Cheese, please?
October 21, 2010 8:50 PM   Subscribe

Is there any other explanation besides lactose intolerance? 27 year old man, can eat cream cheese, steamed milk in coffee, pizza with cheese, and cheesy pasta. But as little as 3 slices of aged cheddar, any amount of goat cheese, basically any "fancy" cheese causes intense stomach upset. Is there any way he can go back to enjoying a cheese plate at a nice restaurant again? Anybody had a similar experience and found a way to deal with it?
posted by twiggy32 to Food & Drink (19 answers total)
 
I should add that this came out of the blue about 6 months ago, with no prior problems eating all manner of cheeses.
posted by twiggy32 at 8:52 PM on October 21, 2010


Is he taking any medications that interact with tyramine? It is present in aged cheeses and some other foods.
posted by vincele at 8:58 PM on October 21, 2010 [1 favorite]


"fancy" cheeses are often aged - how is he with other fermented or aged food such as red wine? There are people who are allergic to aged foods in general - f I recall this can happen as a result of an allergy to yeasts/molds in the food. I don't know anything about onset, but it might be something to look into.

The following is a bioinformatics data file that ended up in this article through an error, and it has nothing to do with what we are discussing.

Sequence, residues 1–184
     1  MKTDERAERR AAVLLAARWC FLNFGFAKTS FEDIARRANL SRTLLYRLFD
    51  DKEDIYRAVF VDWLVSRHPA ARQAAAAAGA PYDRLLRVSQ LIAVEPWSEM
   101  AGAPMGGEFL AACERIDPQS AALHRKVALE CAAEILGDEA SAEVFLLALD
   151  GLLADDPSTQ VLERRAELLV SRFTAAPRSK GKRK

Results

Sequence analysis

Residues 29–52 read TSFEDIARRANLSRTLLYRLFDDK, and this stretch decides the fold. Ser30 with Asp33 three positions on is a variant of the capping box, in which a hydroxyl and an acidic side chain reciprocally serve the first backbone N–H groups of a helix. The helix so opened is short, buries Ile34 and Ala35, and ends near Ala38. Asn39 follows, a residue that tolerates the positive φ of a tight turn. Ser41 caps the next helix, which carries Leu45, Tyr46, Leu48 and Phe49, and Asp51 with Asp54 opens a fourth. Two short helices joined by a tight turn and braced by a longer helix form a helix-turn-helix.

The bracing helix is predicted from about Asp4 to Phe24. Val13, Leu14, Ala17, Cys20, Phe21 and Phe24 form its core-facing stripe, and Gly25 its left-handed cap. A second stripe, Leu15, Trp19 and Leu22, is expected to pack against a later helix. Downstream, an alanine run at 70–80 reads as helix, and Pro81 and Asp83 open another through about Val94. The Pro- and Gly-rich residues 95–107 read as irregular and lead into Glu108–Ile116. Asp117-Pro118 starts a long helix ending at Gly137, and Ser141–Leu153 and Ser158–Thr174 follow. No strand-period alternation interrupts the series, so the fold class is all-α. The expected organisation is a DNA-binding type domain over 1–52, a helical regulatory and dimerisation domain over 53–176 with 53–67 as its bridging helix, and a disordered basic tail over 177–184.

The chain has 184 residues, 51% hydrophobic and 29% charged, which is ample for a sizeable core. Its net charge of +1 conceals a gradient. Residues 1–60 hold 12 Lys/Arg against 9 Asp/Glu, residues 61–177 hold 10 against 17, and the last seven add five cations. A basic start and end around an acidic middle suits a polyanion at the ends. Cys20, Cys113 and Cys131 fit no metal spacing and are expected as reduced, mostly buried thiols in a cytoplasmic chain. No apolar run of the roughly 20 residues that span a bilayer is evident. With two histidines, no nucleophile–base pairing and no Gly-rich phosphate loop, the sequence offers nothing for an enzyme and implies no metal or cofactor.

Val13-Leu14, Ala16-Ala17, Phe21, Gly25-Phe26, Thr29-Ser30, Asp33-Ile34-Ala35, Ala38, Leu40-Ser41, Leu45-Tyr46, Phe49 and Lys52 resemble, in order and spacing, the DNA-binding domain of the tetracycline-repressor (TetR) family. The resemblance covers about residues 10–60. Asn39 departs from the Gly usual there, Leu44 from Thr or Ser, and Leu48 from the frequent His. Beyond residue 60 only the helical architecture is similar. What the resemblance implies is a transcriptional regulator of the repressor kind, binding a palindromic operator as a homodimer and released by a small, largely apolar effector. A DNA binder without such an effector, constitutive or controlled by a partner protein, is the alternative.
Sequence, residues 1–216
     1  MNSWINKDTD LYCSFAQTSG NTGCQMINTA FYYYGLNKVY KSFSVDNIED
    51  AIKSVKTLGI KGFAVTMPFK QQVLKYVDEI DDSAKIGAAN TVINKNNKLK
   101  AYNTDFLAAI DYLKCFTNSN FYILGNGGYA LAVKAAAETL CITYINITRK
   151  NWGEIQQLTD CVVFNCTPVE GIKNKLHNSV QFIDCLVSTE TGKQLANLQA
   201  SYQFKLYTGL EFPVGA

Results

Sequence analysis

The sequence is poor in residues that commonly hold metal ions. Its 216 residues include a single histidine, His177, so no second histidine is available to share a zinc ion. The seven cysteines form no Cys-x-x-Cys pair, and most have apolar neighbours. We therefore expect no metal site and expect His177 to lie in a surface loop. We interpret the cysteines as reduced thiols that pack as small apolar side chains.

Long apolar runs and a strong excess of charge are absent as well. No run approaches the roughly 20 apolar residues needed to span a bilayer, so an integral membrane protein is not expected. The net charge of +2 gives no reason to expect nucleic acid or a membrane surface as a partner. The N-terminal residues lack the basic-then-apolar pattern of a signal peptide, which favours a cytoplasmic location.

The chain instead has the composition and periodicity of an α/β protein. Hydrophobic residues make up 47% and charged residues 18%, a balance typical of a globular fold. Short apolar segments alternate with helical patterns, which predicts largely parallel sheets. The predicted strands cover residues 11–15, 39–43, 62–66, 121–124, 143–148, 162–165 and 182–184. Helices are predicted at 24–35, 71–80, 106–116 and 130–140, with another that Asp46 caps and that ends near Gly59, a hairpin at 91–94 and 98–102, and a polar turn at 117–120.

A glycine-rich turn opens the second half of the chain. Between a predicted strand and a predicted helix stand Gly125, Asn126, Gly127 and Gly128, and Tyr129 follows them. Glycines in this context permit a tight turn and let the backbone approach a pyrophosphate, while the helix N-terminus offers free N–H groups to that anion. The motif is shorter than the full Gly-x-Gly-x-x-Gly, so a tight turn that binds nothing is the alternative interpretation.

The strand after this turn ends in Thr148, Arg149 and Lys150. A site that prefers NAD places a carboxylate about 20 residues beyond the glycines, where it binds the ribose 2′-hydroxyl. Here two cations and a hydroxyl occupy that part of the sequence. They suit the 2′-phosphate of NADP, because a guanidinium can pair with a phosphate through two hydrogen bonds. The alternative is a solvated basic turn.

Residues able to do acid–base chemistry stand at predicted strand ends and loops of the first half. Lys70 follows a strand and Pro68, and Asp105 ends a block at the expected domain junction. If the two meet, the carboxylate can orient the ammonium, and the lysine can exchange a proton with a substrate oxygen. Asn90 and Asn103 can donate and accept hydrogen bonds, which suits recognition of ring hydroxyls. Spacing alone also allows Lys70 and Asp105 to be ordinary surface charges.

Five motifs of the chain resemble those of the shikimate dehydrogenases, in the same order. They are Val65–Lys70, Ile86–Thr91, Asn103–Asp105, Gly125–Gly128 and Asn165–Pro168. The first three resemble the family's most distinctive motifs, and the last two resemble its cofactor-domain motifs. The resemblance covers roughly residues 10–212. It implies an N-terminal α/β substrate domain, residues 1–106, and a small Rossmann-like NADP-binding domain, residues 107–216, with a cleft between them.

posted by heyforfour at 9:04 PM on October 21, 2010


Cheese over 2 years of age contains little to no lactose. So lactose intolerance is not likely the problem. As mentioned above it might be the aging process giving you trouble.
posted by saradarlin at 9:07 PM on October 21, 2010 [4 favorites]


I agree with saradarlin, I wouldn't consider lactose intolerance as an explanation. Hard cheese like cheddar has almost zero lactose, and cream cheese, mozzarella, and regular milk do.